Linting BigQuery SQL with sqlfluff

SQL folks, are you using any linters? Myself, I've used linters such as Pylint for Python, but in the last 3 years, despite working with BigQuery daily, I didn't use one.

First, what is a linter? If you haven't encountered the term before, a linter looks at the code to spot potential errors or bugs, formatting and stylistic issues. It helps enforce the general or custom code guidelines. Think of it as a code reviewer.

Today I'm exploring sqlfluff - a SQL linter. It's a configurable linter that supports, at the time of this writing, two dozen of the most popular SQL dialects, including BigQuery, which we're going to use for today's quick exercise.

We start by installing sqlfluff using pip.

pip install sqlfluff

We can now use the sqlfluff command to analyze our SQL code and even fix some of the problems :).

I've saved the following sample SQL code in a file

CREATE OR REPLACE TABLE learning.base_data (id INT64, dates ARRAY<DATE>)


WITH cte as (

select id FROM UNNEST(GENERATE_ARRAY(1, 100,1)) as id

FROM cte

We can now run the sqlfluff lint command, providing the name of the file and the dialect, in our case, BigQuery.

sqlfluff lint test_sql_query.sql --dialect bigquery

The linter analyzes our code and issues a list of findings. It compares the code to a set of standard, built-in guidelines, which can be overridden or ignored via configuration, based on needs.

We can also ask sqlfluff to attempt to fix these issues.

sqlfluff fix test_sql_query.sql --dialect bigquery

If we respond Yes, it will apply the proposed fix to the file we provided.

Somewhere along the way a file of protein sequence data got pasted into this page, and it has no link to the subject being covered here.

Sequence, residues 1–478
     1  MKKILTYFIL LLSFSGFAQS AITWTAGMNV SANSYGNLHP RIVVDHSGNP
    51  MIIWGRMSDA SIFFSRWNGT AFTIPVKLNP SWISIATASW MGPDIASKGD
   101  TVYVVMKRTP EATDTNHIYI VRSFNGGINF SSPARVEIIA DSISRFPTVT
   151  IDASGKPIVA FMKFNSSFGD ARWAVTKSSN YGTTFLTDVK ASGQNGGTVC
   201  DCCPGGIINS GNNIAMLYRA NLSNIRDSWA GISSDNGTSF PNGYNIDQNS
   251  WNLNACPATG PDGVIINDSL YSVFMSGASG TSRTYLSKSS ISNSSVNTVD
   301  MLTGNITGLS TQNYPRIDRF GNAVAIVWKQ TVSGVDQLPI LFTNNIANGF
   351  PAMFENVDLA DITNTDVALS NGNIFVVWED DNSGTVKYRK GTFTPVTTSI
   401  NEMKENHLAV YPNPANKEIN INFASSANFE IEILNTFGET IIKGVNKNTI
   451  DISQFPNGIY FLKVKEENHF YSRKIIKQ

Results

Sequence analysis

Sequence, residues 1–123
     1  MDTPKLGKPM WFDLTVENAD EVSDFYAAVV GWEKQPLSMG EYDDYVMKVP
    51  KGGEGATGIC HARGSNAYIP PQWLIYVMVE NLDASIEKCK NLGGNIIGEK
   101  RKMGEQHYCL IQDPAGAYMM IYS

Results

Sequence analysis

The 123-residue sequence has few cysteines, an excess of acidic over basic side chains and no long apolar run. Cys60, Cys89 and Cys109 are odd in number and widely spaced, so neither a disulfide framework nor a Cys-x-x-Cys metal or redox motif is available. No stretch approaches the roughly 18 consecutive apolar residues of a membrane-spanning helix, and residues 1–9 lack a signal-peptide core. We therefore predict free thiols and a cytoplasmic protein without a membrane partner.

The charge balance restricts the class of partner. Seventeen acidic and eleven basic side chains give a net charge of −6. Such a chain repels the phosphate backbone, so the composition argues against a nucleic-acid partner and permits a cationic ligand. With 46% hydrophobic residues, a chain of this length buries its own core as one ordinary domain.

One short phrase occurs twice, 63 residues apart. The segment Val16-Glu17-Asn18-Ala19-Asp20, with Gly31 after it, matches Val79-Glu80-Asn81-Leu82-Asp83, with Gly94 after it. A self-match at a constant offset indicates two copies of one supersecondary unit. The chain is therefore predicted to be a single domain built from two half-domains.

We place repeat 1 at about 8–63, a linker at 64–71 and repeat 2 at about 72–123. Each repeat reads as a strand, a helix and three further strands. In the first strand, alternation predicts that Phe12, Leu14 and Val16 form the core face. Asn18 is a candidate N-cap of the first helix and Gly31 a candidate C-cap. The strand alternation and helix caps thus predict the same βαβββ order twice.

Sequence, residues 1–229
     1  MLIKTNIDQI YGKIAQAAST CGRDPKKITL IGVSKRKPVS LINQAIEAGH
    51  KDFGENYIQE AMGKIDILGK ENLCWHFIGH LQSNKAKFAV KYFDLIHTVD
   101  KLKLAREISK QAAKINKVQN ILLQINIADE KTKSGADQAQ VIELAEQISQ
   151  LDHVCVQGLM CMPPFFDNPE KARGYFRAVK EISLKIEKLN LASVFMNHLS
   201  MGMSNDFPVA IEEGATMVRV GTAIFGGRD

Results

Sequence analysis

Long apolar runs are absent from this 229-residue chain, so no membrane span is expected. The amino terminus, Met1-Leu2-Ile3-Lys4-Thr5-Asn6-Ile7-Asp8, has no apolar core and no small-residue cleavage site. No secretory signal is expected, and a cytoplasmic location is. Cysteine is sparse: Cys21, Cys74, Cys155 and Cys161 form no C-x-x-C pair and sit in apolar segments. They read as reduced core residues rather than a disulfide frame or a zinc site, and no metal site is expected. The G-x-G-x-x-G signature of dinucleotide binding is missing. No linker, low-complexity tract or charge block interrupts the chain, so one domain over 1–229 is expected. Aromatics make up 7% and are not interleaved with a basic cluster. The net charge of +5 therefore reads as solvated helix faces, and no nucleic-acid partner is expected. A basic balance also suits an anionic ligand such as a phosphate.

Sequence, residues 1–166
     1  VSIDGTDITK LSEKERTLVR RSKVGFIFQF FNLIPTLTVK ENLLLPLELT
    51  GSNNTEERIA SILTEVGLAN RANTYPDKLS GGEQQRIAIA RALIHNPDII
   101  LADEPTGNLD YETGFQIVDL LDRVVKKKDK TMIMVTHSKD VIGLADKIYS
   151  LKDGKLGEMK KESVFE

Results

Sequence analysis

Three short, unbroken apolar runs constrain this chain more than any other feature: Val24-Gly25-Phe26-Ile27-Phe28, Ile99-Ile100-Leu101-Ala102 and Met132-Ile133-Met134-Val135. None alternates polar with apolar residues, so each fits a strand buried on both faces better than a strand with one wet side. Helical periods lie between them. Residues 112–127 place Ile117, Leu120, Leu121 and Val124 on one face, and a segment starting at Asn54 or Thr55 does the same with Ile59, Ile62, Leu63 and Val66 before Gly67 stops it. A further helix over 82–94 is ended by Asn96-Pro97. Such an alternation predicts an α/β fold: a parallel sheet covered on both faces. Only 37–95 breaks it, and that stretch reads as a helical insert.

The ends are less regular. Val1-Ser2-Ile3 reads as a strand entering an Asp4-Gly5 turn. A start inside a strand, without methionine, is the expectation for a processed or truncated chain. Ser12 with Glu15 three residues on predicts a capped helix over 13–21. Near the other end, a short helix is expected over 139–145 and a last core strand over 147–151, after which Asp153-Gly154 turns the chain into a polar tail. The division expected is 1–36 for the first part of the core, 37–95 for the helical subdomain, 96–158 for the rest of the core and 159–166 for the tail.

Here's how the file looks now.

CREATE OR REPLACE TABLE learning.base_data (id INT64, dates ARRAY<DATE>)


WITH cte AS (


        AS dates

FROM cte

Another run of sqlfluff lint would yield no issues found.


As with other linters, sqlfluff is configurable. You can configure, enable and disable the rules via project-level configuration files. You can also provide in-file configuration directives to override upper-level rules. This would allow you to customize the behavior to your own or your team's and organization's conventions and standards.

Usage in real-life scenarios

I don't know many people who just write SQL in a text file and share it with someone. It's helpful to have your automated peer review to have a look at your code. There is also a plugin for Visual Studio Code that helps make your SQL compliant as you write it, so before it is saved.

A linter brings great value when deployed as part of your project's CI/CD pipeline as a quality control checkpoint. For instance, this could be a pre-commit hook to ensure code standards are upheld. This way, only code that adheres to the standard is merged into the bigger codebase.

What if I use a templating engine like dbt?

A good part of people use a templating provided by something like dbt. Judging by documentation, sqlfluff does support Jinja and dbt templating, but I'm yet to give it a try :).

Next steps

For me, the next step would be trying it out in an actual project, and hopefully use it in production soon.

Thanks for reading and keep enjoying SQL!

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